According to the Irish Times, the government of Ireland has entered into a deal with the ECB to cut the country’s debt by liquidating the nationalised Irish bank Anglo Irish. As I noted in the Saturday post on Ireland’s superior economic performance, European policy makers are eager to be able to hold Ireland up as an example of the virtues of austerity and are thus likely to consummate this deal with the Irish to cut government debt.
Here’s how I put it Saturday:
I believe European policy makers want to use Ireland as an example of success. And this makes them eager to cut deals which soften the blow for Ireland as it emerges from its bailout. I expect some sort of deal to be reached that cuts Ireland’s bailout debt interest rate, lengthens maturities or somehow unburdens the state of its financial sector-related obligations. The political calculus behind this will be to boost Ireland and help it to continue as an example of austerity’s success, irrespective of whether that so-called success is applicable to larger economies in the euro zone.
This seems where this deal is headed. The Irish Times writes:
Ireland plans to liquidate the failed Anglo Irish Bank as part of a deal it is seeking to strike with the European Central Bank (ECB) to ease its bank debt burden, a source familiar with the discussions said today.
Minister for Finance Michael Noonan is expected to give speech in Dáil tonight to clarify the situation. TDs and senators have been put on notice to expect emergency legislation some time after 9pm to give effect to the liquidation.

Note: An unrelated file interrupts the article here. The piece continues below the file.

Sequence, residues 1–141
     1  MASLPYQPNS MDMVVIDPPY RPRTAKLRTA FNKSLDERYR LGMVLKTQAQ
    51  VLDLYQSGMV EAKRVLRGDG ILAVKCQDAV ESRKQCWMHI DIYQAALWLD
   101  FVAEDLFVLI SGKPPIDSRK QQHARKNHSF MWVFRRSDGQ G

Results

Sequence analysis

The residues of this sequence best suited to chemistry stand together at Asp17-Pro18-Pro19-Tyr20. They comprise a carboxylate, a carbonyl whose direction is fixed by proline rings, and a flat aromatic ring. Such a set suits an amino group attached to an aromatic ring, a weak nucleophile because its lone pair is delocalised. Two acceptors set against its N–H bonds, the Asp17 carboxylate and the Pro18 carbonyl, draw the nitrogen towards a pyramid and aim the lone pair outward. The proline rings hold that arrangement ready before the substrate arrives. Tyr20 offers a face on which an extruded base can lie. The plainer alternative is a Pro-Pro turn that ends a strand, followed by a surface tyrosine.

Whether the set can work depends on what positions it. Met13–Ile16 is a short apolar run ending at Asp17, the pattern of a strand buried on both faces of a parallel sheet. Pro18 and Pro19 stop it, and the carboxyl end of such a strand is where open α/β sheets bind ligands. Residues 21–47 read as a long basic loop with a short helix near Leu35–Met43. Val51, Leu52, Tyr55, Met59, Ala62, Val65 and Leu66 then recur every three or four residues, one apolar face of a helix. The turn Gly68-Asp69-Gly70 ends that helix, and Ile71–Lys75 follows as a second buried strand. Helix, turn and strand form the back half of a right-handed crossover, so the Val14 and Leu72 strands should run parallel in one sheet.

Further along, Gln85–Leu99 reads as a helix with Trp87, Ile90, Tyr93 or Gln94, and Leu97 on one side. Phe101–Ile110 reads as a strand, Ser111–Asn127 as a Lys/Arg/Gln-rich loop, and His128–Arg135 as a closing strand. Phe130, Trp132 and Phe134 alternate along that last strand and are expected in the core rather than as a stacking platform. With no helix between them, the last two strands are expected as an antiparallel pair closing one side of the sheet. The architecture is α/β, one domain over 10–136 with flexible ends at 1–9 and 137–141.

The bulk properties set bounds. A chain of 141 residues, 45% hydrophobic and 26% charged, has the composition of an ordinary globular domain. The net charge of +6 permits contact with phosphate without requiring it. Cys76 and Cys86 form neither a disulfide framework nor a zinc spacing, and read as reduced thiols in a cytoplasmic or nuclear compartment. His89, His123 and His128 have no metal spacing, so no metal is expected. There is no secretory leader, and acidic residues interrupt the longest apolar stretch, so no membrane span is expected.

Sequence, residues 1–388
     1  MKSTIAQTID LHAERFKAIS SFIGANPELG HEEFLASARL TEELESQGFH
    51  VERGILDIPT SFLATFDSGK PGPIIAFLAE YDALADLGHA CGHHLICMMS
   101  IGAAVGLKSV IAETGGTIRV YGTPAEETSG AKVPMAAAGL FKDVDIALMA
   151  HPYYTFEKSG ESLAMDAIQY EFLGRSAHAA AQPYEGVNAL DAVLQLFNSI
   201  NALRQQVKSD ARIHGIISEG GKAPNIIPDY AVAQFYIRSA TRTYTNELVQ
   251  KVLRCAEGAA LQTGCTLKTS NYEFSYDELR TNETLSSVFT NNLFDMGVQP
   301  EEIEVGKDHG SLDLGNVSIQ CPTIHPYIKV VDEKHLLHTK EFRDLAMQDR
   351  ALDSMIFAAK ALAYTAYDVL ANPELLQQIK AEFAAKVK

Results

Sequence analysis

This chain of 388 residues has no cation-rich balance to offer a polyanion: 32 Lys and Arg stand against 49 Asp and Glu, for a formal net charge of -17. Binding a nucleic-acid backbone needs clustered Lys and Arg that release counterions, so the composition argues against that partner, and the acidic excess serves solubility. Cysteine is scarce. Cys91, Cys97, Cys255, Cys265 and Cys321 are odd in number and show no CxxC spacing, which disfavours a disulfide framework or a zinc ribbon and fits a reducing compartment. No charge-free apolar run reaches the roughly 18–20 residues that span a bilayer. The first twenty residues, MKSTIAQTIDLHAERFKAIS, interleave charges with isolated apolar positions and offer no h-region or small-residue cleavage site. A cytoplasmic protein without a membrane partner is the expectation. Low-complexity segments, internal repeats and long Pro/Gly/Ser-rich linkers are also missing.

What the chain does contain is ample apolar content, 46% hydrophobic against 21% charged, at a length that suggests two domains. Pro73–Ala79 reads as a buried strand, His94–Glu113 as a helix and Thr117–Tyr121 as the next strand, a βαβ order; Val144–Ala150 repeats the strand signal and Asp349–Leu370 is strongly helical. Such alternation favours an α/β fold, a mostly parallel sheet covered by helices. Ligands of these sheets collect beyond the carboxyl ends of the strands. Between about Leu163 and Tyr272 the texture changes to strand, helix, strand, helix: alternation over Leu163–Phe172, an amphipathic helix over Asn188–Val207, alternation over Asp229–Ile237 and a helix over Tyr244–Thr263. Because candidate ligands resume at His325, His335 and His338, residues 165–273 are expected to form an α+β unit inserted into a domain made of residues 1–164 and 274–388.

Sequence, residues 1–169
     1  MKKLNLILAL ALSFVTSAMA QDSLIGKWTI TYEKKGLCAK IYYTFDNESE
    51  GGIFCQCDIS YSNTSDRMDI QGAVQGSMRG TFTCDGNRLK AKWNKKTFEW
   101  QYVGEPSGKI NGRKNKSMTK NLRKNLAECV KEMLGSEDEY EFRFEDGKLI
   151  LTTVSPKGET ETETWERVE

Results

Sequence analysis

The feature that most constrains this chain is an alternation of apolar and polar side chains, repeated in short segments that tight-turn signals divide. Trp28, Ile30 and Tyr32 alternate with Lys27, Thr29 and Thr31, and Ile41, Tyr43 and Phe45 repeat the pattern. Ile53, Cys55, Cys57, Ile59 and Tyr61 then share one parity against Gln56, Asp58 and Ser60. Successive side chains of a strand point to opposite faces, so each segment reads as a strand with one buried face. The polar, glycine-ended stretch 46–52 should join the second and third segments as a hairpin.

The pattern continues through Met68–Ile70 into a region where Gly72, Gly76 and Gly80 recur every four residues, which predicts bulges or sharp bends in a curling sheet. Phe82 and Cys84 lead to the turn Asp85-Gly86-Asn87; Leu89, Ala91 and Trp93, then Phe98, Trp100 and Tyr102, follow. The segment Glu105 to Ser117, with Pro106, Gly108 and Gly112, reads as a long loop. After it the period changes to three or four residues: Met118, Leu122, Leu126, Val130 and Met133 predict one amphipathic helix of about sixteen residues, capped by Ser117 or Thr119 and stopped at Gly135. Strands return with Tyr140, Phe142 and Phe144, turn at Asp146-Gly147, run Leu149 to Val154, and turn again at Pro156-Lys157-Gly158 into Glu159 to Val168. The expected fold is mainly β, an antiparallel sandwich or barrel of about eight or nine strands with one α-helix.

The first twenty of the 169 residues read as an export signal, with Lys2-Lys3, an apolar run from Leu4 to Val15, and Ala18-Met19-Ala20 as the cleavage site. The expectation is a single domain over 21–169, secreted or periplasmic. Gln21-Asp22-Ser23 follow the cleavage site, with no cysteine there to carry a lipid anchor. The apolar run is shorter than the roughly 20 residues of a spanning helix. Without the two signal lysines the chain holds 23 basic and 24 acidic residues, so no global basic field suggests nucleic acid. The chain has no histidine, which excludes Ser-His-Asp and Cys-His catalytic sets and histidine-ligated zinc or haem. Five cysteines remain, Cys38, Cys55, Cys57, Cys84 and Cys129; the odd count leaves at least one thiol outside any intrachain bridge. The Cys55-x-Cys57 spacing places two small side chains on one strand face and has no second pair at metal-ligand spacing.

Irish Central Bank governor Patrick Honohan, the country’s representative on the ECB’s Governing Council, is currently putting a revised plan to his fellow central bank governors at a meeting in Frankfurt.
There is expectation in Dublin this evening that a formula acceptable to all sides is now within grasp.
Under the plan Honohan is presenting, Anglo Irish Bank, now known as IBRC, will be liquidated so that the government no longer has to make hefty annual payments on a €28 billion promissory note used to bail it out.
The Government plans to appoint KPMG in Dublin to liquidate IBRC, and transfer its loans to the National Asset Management Agency (Nama) as part of its efforts to cut the cost of the Anglo rescue.
If Ireland gets ECB sign off for the plan, most of IBRC’s balance sheet will pass to the Central Bank of Ireland when the infamous bank is liquidated, as the Central Bank enforces collateral used by IBRC to secure more than €40 billion of Central Bank funding, the source said.
This deal is going to get done – and once the deal is done Ireland will be eligible for an OMT program and have the full explicit backing of the European Central Bank and its unlimited supply of euros. That’s bullish for Irish government bonds.
The further implications of this deal are that austerity is here to stay. Ireland sets the bar for the rest of the periphery. They will need to do what Ireland has done in order to get OMT access. Once they do, however, their bond yields will plummet. Spain and Portugal are the most obvious next candidates.
Source: Irish Times